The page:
New research provides a more detailed picture of why Australians are increasingly abusing pharmaceutical drugs.
Mental health problems are driving Australia’s increasing misuse of pharmaceutical drugs including painkillers, tranquillizers and steroids, new research has found.
Monash Business School graduate Harry Murphy Cruise and Professor Xueyan Zhao in the Department of Econometrics and Business Statistics, have found mental stress increases the likelihood of a person misusing painkillers by 94 per cent.
The research also found that mental health issues increase the likelihood of non-medical use of tranquillizers by 138 per cent and steroids, opiates or methadone by 109 per cent.
“By quantifying the impact of various characteristics on an individual’s likelihood of misusing pharmaceuticals, we hope to help inform the policy debate surrounding increasing prescription drug abuse,” says Mr Cruise, who undertook the research in collaboration with Professor Zhao as part of his Honours research project.
“The characteristics driving pharmaceutical misuse are complex and vary between drugs, which means it is important to implement policies that appropriately target these different cohorts and their differing drivers for misuse.”
Misuse on the rise
The 2016 Australian National Drug Strategy Household Survey says around one in 20 Australians currently misuse pharmaceutical drugs, a trend that’s been on the rise since 2007.
Painkillers and opiates top the list of pharmaceuticals that are likely to be abused, with one in 10 Australians misusing them in their lifetime.
Among the 3.6per cent of Australians who reported recent (last 12 months) non-medical use of painkillers or opiates, 75 per cent mis-used over-the-counter codeine products such as Nurofen Plus, 40 per cent abused prescription codeine products such as Panadeine Forte, and one per cent used the very potent opioid drug Fentanyl for non-medical purposes.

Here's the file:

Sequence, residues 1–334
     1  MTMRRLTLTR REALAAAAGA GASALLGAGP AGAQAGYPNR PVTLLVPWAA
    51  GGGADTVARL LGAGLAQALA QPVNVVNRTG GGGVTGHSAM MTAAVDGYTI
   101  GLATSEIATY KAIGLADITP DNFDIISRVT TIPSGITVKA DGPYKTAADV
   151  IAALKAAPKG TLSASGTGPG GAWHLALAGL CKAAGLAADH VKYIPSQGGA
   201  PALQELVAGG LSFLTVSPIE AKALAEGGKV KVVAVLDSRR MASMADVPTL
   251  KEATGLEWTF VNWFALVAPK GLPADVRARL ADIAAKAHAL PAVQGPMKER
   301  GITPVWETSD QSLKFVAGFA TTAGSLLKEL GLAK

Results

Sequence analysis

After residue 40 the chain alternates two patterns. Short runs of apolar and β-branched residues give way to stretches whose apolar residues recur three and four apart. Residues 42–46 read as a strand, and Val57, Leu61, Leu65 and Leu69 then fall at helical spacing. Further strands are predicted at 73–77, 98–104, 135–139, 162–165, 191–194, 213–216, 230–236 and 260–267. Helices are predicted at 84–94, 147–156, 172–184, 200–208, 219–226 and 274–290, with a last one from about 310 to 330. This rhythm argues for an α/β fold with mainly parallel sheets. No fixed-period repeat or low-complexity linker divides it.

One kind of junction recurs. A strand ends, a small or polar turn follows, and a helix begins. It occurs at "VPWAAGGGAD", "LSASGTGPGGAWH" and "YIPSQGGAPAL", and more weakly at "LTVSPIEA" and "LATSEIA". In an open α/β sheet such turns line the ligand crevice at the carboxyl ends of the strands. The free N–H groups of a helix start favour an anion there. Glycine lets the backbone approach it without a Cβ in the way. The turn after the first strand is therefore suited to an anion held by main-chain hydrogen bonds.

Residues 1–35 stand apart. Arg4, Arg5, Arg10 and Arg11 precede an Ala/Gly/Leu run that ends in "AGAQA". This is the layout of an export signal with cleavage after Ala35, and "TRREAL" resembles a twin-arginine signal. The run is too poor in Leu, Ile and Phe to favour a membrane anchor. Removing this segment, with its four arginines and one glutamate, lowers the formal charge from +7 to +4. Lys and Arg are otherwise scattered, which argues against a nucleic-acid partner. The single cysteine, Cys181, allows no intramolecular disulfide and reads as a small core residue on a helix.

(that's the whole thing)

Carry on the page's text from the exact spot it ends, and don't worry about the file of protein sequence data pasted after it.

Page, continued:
Professor Zhao says the research was in part prompted by some of the anecdotal concerns raised in the student community in relation to mental health.
The research also highlights those who are most at risk of abusing pharmaceuticals. Generally, people who failed to complete high school or have a trade or diploma degree are the most at risk. But there is one exception: tranquillizers or sleeping pills.
Workplace stress and misuse
Those who went to university are more susceptible to tranquillizer misuse than those who only finished high school. This is most likely due to workplace stress, according to Professor Zhao.
“The probability of non-medical use of painkillers are inversely related to income levels, with the lower the income the higher the propensity,” says Professor Zhao. “However, for tranquillizers, the chance for non-medical use showed an interesting U-shaped relationship, with both the lowest and the highest income groups having the highest probabilities of misuse.”
Those with annual incomes below $20,000 or above $100,000 have the highest likelihood of abusing tranquillizers.
However, Professor Zhao cautions the results may still mask how widespread the problem is. “The data askes for people to self-nominate whether they use these drugs for a non-medical purpose and a lot of people may feel they can justify their usage to themselves,” she says.
“Middle-class, educated people in particular may be saying they are self-medicating for stress. We also found from the data that people working the hospitality and entertainment industries were at particular risk.”
Prime age for misuse
Mental stress was also linked to drivers behind the types of people most at risk from drug misuse.
The unemployed are most likely to be prone to mental stress and under more pressure than people who are retired or care for others at home, and are also more likely to abuse pharmaceuticals. So are Indigenous Australians who are more likely to suffer mental health issues and to misuse all pharmaceuticals.
Those who identified with a minority sexual orientation (sexual orientations other than heterosexual) were found to suffer from significantly higher incidence of mental stress, prompting greater risk of abusing pharmaceuticals across all categories.
Though both men and women are just as likely to misuse painkillers and tranquillizers, men are more likely to abuse steroids, opiates or methadone. However, women are more likely to experience some form of mental stress than men.
The prime age to be susceptible to misuse prescription drugs is between 23 and 39. Within this age group can also be found the ages where people found themselves under the most pressure. According to the study, people aged between 12 and 29 are under the most mental stress, followed by those aged between 30 and 49.
Professor Zhao’s ongoing research will focus on individual troublesome painkillers such as Fentanyl and whether opioid use is higher for people working in particular industries.